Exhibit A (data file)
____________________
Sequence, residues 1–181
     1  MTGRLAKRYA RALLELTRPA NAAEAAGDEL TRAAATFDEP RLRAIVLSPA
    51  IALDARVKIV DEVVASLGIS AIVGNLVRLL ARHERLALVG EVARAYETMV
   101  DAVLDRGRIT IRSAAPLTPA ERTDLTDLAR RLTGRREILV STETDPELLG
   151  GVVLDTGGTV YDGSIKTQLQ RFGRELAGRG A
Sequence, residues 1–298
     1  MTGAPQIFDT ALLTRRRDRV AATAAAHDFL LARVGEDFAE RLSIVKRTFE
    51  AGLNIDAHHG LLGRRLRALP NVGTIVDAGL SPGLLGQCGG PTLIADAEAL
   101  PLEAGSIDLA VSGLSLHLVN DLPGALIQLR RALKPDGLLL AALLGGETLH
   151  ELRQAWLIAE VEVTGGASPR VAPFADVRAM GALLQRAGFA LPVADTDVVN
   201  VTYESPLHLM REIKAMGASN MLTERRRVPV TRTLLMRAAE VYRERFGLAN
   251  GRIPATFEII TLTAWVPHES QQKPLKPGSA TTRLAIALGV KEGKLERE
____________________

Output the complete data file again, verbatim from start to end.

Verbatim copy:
Sequence, residues 1–181
     1  MTGRLAKRYA RALLELTRPA NAAEAAGDEL TRAAATFDEP RLRAIVLSPA
    51  IALDARVKIV DEVVASLGIS AIVGNLVRLL ARHERLALVG EVARAYETMV
   101  DAVLDRGRIT IRSAAPLTPA ERTDLTDLAR RLTGRREILV STETDPELLG
   151  GVVLDTGGTV YDGSIKTQLQ RFGRELAGRG A
Sequence, residues 1–298
     1  MTGAPQIFDT ALLTRRRDRV AATAAAHDFL LARVGEDFAE RLSIVKRTFE
    51  AGLNIDAHHG LLGRRLRALP NVGTIVDAGL SPGLLGQCGG PTLIADAEAL
   101  PLEAGSIDLA VSGLSLHLVN DLPGALIQLR RALKPDGLLL AALLGGETLH
   151  ELRQAWLIAE VEVTGGASPR VAPFADVRAM GALLQRAGFA LPVADTDVVN
   201  VTYESPLHLM REIKAMGASN MLTERRRVPV TRTLLMRAAE VYRERFGLAN
   251  GRIPATFEII TLTAWVPHES QQKPLKPGSA TTRLAIALGV KEGKLERE